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Who Said Teens Are Monsters?

They Just Speak a Different Language!

Who Said Teens Are Monsters?
It goes without saying that offering freedom helps teens grow.

Picture for a moment a young child who has never tasted sweets. Now imagine letting this three year- old loose in a sweets store. What do you think will happen?
Now take another three year- old who has been allowed to have sweets at times, and who doesn’t live in a home where the candy jar is locked away; chances are you would get an entirely different response given the same opportunity of the free will. Put on your thinking caps and use this same metaphor in relation to your teen and their freedom.

By giving our teenagers some freedom to move on in this world, to make their own mistakes and experiments (of course in only things permitted in Islam) is an important and healthy milestone to grow up. It goes without saying that offering freedom helps teens grow.

Freedom and Limits

Should we offer too much freedom to our teen? Would it appear like we are uncaring, and backfire horribly, and seem like a control freak? Although with constant prayers, supplication and faith in Allah, finding the middle ground is tough, but very doable. With school holidays looming ahead you will find yourself faced with rules which need to be enforced in order to maintain some sort of sanity. While much reading and research are a significant element in parenting, the real ‘expert’ in your home when it comes to your child is really you.

Most psychologists dealing with tweens, pre-teens and teens advise us to maintain the reins. Parents must use the ‘option’ system, when it comes to giving their children some freedom. By offering your teens choices it will appear that they have some control over their choices, and you don’t throw your boundaries and limitations out the preverbal window.

For instance, if your teens want to stay out for an extra hour past your curfew (as they may think), you can always offer them a choice.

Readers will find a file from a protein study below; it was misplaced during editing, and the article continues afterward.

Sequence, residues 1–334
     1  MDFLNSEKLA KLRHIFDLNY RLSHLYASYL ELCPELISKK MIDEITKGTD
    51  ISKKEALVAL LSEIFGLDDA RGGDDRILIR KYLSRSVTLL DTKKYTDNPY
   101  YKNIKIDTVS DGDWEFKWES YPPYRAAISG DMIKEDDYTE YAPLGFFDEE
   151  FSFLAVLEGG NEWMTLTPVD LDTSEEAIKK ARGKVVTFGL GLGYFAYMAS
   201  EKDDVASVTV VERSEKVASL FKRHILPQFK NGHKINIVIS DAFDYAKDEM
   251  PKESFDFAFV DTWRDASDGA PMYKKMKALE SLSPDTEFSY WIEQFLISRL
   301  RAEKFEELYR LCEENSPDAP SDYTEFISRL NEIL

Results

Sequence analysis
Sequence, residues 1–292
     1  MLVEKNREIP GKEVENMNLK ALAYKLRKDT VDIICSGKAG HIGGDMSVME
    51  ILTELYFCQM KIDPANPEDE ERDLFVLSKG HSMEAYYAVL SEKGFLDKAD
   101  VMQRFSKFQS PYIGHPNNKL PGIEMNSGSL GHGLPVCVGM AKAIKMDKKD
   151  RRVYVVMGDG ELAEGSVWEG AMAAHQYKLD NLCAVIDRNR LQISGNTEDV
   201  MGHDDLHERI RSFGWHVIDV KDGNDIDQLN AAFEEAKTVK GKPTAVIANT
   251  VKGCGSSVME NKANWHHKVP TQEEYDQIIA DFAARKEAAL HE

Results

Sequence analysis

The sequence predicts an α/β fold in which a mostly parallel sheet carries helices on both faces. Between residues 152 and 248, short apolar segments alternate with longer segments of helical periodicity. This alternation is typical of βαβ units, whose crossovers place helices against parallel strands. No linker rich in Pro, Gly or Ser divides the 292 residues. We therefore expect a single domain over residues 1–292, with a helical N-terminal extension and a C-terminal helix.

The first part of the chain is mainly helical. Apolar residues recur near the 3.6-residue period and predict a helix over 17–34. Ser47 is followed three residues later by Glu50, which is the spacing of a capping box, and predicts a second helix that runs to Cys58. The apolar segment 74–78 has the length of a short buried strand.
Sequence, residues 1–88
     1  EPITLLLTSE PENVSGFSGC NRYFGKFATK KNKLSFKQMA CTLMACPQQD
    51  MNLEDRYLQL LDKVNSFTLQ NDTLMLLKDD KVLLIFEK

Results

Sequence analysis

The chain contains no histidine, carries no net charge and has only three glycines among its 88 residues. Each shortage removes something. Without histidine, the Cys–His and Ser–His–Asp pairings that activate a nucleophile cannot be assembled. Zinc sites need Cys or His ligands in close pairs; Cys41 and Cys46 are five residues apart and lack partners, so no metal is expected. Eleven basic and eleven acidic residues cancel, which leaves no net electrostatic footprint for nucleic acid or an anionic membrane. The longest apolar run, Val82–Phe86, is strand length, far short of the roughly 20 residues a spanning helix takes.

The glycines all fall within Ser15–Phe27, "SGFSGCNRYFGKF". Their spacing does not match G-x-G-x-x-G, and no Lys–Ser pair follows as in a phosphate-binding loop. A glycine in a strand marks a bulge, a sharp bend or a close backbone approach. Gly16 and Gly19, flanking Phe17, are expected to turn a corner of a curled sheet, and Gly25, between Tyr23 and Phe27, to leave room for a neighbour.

Personal Experience

I personally have come to acknowledge the significance of dialogue with children and more importantly teens. By comprising a system with my children I have come to realize that when my teen is asking me to bend or stretch the rules, it is more a cry for more freedom.

Here is when I stop and start talking to them; asking them why this issue is particularly important to them. Although it is critical to NOT take on the role of a friend, an understanding fellow (teens have a way on bidding on your compassion), it is important to remain open for clues that something may be off with the situation.

I find putting a price tag on a new freedom, such as an extra chore around the house is helpful and an indication of how desperate they are. This way they begin to see that you are willing to negotiate, however, they won’t be walking all over you, your rules, and expectations. Like many parents when my eldest daughter hit her teen years I was fearful viewing it as a lava pit. Here is when I decided to take a stance with myself and realize that I have instilled the values in my child and with Allah’s blessings I would be able to learn the hard lesson of letting my princess go. Well, ok, just a little.

I decided to teach her and her siblings that with freedom comes more responsibility. I have, with the help of a supportive husband, come to a happy medium in the freedom category based on a sliding trust scale by allowing my teens to take baby steps, and hence I gain an accurate barometer of what they could handle.

Don’t forget, every teen caves to peer pressure differently (four children have taught me that!). If you work into freedom slowly, your teen will likely get a taste of how much freedom they really want.
Follow your heart and remember if you feel safe enough to give your child freedom, there is a good chance that they will respect you enough to use their freedom wisely.

It’s natural to find yourself worrying if your actions and decisions are correct backtracking on how things should have been dealt with.

You’re not alone; remember the priceless advice given by Ali ibn Abi Talib, may Allah be pleased with him, who advised us to play with our children till the age of 7, to discipline and teach them from the age of 7 to 14 and to befriend them at the age of 14 and above.


About Deana Nassar

Deana Nassar is a published writer. As a mother of four, in her home she’s the sole expert on all things related to marriage, children’s psychology, motherhood and creative survival.

She loves charity work, reading and writing poetry, and is mostly known for writing articles discussing family and social issues, faith, freedom, and purpose that comes through God. She can be reached at deana_nassar4@hotmail.com

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